Are you struggling to find the best ways to spend your time?
Do you find it difficult to get up and get going in the morning, whether to a job or to some other destination?
Are you newly retired and don’t know what to do with yourself now that you’re not working?
Have you been retired for a while, but are feeling aimless and lost?
Well, have I got a deal for you! Routines! Creating good routines in retirement (or any time) can help you recover your enthusiasm for living each day to the fullest.
Good, well-designed daily and weekly routines may be just what you need.
In this article, I’m going to tell you how to design daily and weekly routines that can work for you.
First, let’s take a look at the benefits of routines.
Routines help us stay productive and get things done.
When you have a well-established habit – something that we can identify as a routine – the actions of the habit become so automatic that you don’t have to think about them. You simply begin the habit and the work gets done.
Think about something like washing dishes. You’ve done it a million times. You don’t have to think about each aspect of it. You turn on the water, add dish detergent, place the dishes in the hot water, etc. Your routine of dishwashing takes over and the dishes get washed.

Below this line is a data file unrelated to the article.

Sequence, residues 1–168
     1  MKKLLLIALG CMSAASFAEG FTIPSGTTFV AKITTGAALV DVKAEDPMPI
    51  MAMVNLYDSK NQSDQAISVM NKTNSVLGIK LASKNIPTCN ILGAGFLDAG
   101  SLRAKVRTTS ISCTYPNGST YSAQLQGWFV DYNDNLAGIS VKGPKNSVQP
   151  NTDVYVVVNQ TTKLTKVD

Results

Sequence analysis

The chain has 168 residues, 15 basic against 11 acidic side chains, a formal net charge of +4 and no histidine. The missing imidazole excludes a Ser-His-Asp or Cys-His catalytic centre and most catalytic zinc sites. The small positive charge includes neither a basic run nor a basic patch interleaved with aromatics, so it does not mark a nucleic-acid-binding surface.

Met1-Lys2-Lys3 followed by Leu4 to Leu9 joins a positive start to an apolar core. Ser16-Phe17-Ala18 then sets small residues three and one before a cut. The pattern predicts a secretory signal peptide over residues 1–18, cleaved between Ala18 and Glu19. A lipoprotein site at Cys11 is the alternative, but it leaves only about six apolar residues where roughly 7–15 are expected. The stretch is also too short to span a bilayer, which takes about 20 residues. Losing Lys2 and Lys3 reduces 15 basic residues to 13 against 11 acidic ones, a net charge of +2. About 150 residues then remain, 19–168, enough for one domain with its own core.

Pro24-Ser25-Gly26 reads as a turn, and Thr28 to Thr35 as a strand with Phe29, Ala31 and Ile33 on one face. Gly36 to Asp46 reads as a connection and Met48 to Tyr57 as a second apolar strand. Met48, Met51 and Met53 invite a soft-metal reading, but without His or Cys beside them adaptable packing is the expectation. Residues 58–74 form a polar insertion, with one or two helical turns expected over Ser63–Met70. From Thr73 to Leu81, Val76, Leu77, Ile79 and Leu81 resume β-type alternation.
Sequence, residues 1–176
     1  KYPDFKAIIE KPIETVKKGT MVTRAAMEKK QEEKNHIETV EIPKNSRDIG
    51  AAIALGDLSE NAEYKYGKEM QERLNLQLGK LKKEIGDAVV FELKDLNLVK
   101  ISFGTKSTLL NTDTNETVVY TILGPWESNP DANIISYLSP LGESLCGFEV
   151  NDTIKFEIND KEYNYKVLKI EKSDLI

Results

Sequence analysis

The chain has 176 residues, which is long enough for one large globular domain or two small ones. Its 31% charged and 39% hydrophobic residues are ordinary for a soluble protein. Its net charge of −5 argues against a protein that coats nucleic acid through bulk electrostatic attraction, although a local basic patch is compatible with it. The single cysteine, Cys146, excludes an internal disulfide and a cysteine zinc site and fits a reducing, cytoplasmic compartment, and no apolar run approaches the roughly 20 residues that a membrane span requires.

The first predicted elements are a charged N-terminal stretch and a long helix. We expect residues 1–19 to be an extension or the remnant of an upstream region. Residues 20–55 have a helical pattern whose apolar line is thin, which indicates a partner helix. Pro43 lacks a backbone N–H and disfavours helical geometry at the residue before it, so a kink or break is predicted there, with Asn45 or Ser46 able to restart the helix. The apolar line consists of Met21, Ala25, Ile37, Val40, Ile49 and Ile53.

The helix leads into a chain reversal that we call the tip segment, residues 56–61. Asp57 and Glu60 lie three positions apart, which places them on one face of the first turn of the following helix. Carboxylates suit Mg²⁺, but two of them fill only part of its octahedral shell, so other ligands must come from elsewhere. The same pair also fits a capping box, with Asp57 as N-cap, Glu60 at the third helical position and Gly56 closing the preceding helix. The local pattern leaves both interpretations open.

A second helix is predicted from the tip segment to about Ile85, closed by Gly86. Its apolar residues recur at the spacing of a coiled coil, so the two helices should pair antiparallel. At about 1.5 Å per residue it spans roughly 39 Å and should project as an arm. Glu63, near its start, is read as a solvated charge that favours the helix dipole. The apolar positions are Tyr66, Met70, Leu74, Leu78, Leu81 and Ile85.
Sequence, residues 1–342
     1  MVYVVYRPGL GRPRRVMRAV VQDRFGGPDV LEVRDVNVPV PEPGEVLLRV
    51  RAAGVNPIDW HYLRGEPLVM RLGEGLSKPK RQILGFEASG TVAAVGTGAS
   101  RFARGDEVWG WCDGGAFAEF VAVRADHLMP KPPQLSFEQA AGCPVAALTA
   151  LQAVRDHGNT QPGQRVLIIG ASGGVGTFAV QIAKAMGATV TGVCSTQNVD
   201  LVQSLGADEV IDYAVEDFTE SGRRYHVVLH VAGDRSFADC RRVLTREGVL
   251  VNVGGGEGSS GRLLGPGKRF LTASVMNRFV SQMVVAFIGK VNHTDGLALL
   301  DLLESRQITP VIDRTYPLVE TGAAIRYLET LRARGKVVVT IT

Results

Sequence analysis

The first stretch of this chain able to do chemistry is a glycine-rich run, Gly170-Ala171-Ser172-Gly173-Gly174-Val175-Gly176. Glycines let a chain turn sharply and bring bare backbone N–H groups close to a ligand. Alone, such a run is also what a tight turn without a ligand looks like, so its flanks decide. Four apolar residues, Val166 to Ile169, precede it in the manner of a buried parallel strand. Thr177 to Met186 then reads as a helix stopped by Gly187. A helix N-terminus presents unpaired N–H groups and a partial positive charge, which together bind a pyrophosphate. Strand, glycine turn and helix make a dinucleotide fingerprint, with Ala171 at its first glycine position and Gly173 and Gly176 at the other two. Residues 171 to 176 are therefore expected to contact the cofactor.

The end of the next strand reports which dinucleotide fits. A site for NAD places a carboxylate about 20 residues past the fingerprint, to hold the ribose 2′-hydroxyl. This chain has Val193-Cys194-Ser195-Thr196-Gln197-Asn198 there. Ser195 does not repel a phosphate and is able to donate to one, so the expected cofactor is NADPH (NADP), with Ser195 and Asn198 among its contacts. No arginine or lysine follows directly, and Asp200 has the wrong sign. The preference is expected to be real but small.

Routines can increase feelings of happiness and well-being.
Unlike what some of us once believed, having a routine does not bring boredom or monotony. Instead, writes mental health counselor Michelle Happe, “It brings pleasure and a sense of safety. One of the most important parts of our routine should be rest time and play time, especially if we are adults. We avoid quiet time because we fear ourselves.”
“Learning that there is nothing to fear and that it is much more benign than we thought, sitting alone with ourselves, brings tremendous benefits and awareness. Sitting with ourselves in the quiet is a way to refuel and prepare for our Western busy-ness that inevitably comes,” writes Michelle Happe in her blog at www.mentalhelp.net
Routines save time and energy.
“Routines are like mental butlers,” says Michael McCullough, a professor of psychology at the University of Miami. “Once you have a routine in place, then the mental processes that make the behavior happen take place automatically.”
“They save time in the short run by removing the need to deliberate, and time in the long run because they automate these actions,” writes Elizabeth Larkin, a personal organizing expert.
Routines reduce stress.
Routines let you get directly into getting a task done. “Instead of creating each day from scratch, routines create a framework of small decisions you no longer have to make—so you have more time to devote to things that matter,” writes Pittaway.